I have a planting bed in my yard, that is lovingly called The Death Bed. It is putting my Cast Iron name to the test and then some!
Hold on! I can explain... so, what happened was...
Let me paint a picture for you, this planting bed is 2ft deep by 18ft wide between our patio and fence, it gets morning dappled shade, harsh mid-day sun for about 4 hours, then deep shade from the house in the late afternoon and evening.
If that wasn't tough enough, it has black walnut tree roots running under it, from a gigantic and very healthy black walnut tree, that crosses the property line to our neighbors. The tree produces barrels of walnuts every year that the squirrels love to bury in our yard. This tree is so darn stubborn even our attempts to cut it back hoping it would die haven't worked. See the trunk is on our neighbors property, and they rent. The tenants are great and would love to take the tree down, but their landlord doesn't want to spend the money - even when we offered to split the cost! That said, we cut back everything that was over our property line, as we're allowed to in Maryland, in hopes that there would be less walnuts and squirrel damage. I swear, this helped the tree get healthier!
(please excuse our terrible patio...one project at a time)
A little history on the Death Bed...
2016 - the creation of The Death Bed. Built up garden blocks, added and rototilled in fresh garden soil, topped with shredded natural wood mulch. Planted hostas and some white things, of which I still can't figure out what they were but they were lovely and delicate. This was before I really learned how to tend any plants and was mostly relying on my husbands green thumb to take over magically. I guess you could say, this Death Bed helped spawn what Cast Iron Landscape Design is today, it's where I found joy in researching what could work and trying out new things.
2017 - everything seems fine. The hostas were huge and blooming wonderfully, the white things weren't doing so great, but I didn't think much of it. Everything seemed fine and I was enjoying the lush greenery surrounding our patio.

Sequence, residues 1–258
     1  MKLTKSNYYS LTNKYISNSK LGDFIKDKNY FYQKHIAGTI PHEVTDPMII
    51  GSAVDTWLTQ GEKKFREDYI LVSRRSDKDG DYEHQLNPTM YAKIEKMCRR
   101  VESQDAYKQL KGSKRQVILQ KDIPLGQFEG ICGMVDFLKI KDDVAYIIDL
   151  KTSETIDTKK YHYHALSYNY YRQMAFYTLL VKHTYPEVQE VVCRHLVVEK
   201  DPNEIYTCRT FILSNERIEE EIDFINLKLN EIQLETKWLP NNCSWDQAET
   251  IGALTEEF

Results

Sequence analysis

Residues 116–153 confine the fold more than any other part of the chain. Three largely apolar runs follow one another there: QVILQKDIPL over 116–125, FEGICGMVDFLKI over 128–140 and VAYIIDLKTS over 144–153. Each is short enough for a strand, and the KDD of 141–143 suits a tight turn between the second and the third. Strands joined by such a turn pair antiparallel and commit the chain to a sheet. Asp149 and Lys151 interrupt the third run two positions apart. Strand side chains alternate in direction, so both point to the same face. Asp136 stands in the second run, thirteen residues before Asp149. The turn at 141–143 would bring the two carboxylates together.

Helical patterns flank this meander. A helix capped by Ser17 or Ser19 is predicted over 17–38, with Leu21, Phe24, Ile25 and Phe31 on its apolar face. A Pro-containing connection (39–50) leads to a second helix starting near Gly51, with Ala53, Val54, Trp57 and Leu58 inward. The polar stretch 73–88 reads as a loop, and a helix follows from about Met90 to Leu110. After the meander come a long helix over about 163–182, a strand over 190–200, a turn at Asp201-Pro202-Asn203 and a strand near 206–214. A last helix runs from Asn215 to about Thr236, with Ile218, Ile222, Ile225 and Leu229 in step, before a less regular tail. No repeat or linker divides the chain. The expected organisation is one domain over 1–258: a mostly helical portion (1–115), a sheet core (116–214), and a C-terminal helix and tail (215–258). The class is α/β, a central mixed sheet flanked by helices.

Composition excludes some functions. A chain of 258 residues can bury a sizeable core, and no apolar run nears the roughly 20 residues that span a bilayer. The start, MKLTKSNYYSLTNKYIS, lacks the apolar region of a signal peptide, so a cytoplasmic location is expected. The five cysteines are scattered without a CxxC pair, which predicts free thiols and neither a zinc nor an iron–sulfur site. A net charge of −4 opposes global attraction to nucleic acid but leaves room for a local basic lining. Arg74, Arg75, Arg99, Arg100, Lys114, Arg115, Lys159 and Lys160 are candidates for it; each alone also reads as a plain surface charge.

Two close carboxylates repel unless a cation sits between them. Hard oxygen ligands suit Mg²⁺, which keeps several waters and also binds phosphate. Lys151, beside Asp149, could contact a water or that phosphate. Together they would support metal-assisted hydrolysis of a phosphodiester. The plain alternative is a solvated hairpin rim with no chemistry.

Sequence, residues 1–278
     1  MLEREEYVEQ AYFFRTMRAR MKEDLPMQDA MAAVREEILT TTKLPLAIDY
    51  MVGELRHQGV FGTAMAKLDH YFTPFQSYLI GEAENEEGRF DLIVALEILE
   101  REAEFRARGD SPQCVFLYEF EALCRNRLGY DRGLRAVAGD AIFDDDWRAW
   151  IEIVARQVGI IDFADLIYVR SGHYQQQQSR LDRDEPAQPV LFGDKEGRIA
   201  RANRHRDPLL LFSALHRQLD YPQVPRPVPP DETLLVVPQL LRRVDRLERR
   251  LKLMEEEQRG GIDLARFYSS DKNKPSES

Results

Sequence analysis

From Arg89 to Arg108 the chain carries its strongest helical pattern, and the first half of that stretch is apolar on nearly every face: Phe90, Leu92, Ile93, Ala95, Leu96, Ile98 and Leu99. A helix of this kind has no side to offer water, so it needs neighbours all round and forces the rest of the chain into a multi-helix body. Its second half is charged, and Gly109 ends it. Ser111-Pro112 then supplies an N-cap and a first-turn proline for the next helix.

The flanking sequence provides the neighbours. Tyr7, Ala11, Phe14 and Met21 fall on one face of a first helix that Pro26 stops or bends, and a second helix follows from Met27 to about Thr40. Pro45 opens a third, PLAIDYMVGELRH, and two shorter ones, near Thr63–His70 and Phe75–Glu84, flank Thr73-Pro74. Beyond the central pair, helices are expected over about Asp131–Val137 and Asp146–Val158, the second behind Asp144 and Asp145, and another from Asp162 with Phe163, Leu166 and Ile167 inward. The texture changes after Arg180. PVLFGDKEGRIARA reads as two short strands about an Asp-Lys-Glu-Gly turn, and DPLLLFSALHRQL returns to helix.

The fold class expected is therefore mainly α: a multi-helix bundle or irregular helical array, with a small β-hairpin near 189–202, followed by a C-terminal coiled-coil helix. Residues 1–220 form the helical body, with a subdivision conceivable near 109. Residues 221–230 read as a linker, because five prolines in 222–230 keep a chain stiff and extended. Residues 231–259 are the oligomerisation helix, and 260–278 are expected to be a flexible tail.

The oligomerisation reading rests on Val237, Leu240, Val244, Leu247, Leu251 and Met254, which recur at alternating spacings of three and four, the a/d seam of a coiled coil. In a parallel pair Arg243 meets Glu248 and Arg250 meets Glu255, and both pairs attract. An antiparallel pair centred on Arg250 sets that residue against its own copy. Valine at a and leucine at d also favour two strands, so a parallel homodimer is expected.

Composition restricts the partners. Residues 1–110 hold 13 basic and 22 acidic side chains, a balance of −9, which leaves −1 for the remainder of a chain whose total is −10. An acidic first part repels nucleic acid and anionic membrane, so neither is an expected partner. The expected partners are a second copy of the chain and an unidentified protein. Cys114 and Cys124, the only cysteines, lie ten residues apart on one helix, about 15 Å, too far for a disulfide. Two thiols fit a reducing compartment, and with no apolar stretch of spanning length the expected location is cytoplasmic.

2018 - the decline. The hostas were simultaneously scorched on one end and undersized and dyeing on the other. The white things were nowhere to be found. I replaced them with coneflowers, which scorched, then with astilbe which the bunnies ate! With regular watering the hostas survived but looked ragged. You can see the lingering astilbe's amongst the scorched hostas in the pictures below.
(click for more pictures)
2019 - let's try switchgrass and move things around. The year before we created a dedicated dog run, planted grass, and was determined to have a better looking backyard. With 3 dogs who love to run as fast as they possibly can, then quick cut and turn the other direction, our yard had seen much better days. During this time, I was doing tons of research into what was hardy and drought tolerant enough that could also handle intense but short sun exposure. My conclusion was switchgrass. The pictures below show the cleared out Death Bed, which had been replanted with 7 bare root switchgrass, and a newly created large bed where none had existed before at the other end of the yard. The new bed houses the hostas from the Death Bed, new pencil holly, bobo hydrangeas, hellebores, and bare root boxwoods. (and yes, our patio still isn't redone, but I digress)
2020 - not even weeds will grow. Since then, the switchgrass hasn't grown, and in reality, nothing has grown in this bed....nothing! I have since learned that the roots of walnut trees can poison many plants, and only certain ones will survive this toxic environment. This year, I have cleared out all the debris and put down fresh mulch. I am not giving up on this Death Bed!
The new bed we created is thriving though! So much so that the hostas are in need of dividing, the hellebores are exploding, and I can't wait to see the hydrangeas bloom soon.
I haven't yet decided what will go into the Death Bed, but I'm determined to conquer this challenge! Or maybe, I'll finally get to re-doing the patio!